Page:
18. SuperJudge macrumors 6502

    SuperJudge

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  19. Macman45 macrumors demi-god

    Macman45

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    #19
    I will scan the study and post it...It's actually a US research...Might be a link on the documents....


    Got it...this is the document I have:

    http://archinte.jamanetwork.com/article.aspx?articleid=414828
     
  20. .Andy thread starter macrumors 68030

    .Andy

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    #20
    I refer you to your men's health bottle. There are many unsubstantiated claims in the front which are most certainly misleading.

    Anecdotes are not tests. It is absolutely not ethical for a health professional to sell something without evidence based on anecdote without telling people there is no evidence. It is another thing to have it the claim plastered all over the bottle with an asterix or "may" next to it. That is there to deceive, nothing more.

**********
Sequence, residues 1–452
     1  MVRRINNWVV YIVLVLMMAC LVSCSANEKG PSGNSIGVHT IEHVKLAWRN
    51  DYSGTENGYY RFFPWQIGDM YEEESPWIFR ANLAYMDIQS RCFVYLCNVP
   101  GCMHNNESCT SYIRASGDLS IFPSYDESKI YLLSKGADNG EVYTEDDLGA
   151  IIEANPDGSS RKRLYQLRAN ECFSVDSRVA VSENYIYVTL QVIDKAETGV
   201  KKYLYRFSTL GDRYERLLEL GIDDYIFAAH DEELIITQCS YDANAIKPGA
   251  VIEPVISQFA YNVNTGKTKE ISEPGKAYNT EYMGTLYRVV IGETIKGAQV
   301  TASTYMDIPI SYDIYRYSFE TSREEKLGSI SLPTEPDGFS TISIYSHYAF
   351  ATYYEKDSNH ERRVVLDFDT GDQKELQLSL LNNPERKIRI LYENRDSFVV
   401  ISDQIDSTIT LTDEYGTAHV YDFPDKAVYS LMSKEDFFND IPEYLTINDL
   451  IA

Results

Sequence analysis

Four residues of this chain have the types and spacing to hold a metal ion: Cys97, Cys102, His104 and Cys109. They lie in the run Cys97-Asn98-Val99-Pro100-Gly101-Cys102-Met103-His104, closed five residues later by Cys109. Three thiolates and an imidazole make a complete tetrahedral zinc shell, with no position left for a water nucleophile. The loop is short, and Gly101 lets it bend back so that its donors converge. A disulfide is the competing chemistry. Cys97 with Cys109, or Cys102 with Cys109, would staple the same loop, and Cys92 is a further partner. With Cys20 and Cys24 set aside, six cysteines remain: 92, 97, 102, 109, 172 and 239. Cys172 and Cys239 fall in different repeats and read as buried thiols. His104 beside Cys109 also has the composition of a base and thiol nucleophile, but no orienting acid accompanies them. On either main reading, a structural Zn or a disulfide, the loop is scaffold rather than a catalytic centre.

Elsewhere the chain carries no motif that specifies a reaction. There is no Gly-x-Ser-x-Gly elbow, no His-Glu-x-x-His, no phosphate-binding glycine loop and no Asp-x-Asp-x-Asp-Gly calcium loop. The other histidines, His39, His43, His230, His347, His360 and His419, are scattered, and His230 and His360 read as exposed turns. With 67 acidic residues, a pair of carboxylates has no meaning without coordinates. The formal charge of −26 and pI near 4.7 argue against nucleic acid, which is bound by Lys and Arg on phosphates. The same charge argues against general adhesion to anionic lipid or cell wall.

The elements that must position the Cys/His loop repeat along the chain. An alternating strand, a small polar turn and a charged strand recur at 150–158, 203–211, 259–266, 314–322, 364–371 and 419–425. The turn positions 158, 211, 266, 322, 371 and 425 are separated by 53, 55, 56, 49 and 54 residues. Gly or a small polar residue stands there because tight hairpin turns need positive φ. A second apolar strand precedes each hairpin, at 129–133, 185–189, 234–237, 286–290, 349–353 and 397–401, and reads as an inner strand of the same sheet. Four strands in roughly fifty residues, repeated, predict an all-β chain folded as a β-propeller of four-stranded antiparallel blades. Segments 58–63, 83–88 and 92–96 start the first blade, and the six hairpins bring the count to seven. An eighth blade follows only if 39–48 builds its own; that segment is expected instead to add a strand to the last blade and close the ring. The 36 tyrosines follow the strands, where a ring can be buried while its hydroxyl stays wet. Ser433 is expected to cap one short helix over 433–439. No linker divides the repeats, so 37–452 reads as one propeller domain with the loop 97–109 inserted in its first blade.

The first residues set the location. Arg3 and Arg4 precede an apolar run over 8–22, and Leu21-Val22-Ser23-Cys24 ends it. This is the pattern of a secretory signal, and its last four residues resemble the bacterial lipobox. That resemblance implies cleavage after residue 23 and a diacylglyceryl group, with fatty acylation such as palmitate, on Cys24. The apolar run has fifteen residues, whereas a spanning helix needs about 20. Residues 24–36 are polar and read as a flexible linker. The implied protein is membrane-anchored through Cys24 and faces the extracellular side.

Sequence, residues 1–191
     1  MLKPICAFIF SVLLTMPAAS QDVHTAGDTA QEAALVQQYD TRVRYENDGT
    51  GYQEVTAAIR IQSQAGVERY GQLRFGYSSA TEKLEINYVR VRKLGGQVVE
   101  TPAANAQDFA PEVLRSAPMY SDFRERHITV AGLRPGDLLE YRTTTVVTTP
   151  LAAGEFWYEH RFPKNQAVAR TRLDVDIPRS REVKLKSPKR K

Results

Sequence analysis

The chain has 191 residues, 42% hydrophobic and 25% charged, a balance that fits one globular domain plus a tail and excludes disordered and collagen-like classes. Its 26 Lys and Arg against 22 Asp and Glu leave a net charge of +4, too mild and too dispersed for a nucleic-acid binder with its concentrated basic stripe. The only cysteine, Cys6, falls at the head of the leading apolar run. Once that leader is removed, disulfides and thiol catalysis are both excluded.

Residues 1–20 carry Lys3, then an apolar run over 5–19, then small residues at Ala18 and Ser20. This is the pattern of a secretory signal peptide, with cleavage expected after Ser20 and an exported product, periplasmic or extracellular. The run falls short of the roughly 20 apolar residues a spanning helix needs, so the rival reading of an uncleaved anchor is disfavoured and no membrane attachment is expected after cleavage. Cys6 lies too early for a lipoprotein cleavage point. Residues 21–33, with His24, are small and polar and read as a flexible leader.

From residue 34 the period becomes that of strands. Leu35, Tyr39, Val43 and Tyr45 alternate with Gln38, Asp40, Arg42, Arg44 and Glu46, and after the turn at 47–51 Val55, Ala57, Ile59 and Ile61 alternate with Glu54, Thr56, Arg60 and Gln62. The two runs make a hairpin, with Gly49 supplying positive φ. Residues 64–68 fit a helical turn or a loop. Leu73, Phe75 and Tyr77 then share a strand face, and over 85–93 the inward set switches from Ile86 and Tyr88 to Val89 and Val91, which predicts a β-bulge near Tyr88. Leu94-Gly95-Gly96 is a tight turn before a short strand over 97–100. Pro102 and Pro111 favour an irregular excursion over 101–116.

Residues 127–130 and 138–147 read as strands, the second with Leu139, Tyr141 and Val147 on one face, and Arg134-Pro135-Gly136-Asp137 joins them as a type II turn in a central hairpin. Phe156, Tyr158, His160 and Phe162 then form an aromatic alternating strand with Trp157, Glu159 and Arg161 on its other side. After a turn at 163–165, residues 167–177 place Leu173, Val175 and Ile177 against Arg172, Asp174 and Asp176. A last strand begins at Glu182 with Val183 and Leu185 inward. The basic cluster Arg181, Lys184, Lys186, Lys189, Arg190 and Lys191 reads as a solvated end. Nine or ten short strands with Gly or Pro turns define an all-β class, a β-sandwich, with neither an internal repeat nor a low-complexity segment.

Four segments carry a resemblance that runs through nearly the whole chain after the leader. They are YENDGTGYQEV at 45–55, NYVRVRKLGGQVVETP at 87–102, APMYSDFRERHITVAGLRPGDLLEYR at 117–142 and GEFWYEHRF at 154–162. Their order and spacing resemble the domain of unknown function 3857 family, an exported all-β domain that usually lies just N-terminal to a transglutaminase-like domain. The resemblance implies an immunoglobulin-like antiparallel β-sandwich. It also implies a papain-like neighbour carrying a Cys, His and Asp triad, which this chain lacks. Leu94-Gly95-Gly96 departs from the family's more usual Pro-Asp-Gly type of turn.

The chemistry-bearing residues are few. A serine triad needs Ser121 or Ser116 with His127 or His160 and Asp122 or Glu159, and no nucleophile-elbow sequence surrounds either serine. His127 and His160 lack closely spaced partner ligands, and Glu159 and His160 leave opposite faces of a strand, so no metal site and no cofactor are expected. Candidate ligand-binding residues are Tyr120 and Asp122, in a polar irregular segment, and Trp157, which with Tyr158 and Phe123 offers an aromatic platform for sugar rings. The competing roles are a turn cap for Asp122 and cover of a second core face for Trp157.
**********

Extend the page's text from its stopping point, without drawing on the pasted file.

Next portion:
I accused pharmacists that sell products with unsubstantiated claims that people don't need as distrustful, and undermining your profession. The rot is from the inside your profession. I stand by that. Like it or not, you are by your vocation a health professional, and the purchases that you make and advertise (in this case men's health supplements) influence others.

    Which i would believe if pharmacists weren't undermining by selling vitamins, minerals, and pseudoscience to people who don't need it or are tricked by vacuous claims on those products.
     
  21. radiogoober macrumors 6502a

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    #21
    Thank you for linking it. Yeah, that's the one I read too. Just so you know, that's an observational study, which is a very weak form of evidence. It very well may be that high doses of vitamin C can decrease the frequency of gout attacks, but we cannot say that with any level of confidence at this point. Considering how relatively benign vitamin C is, it's a reasonable recommendation from your doctor.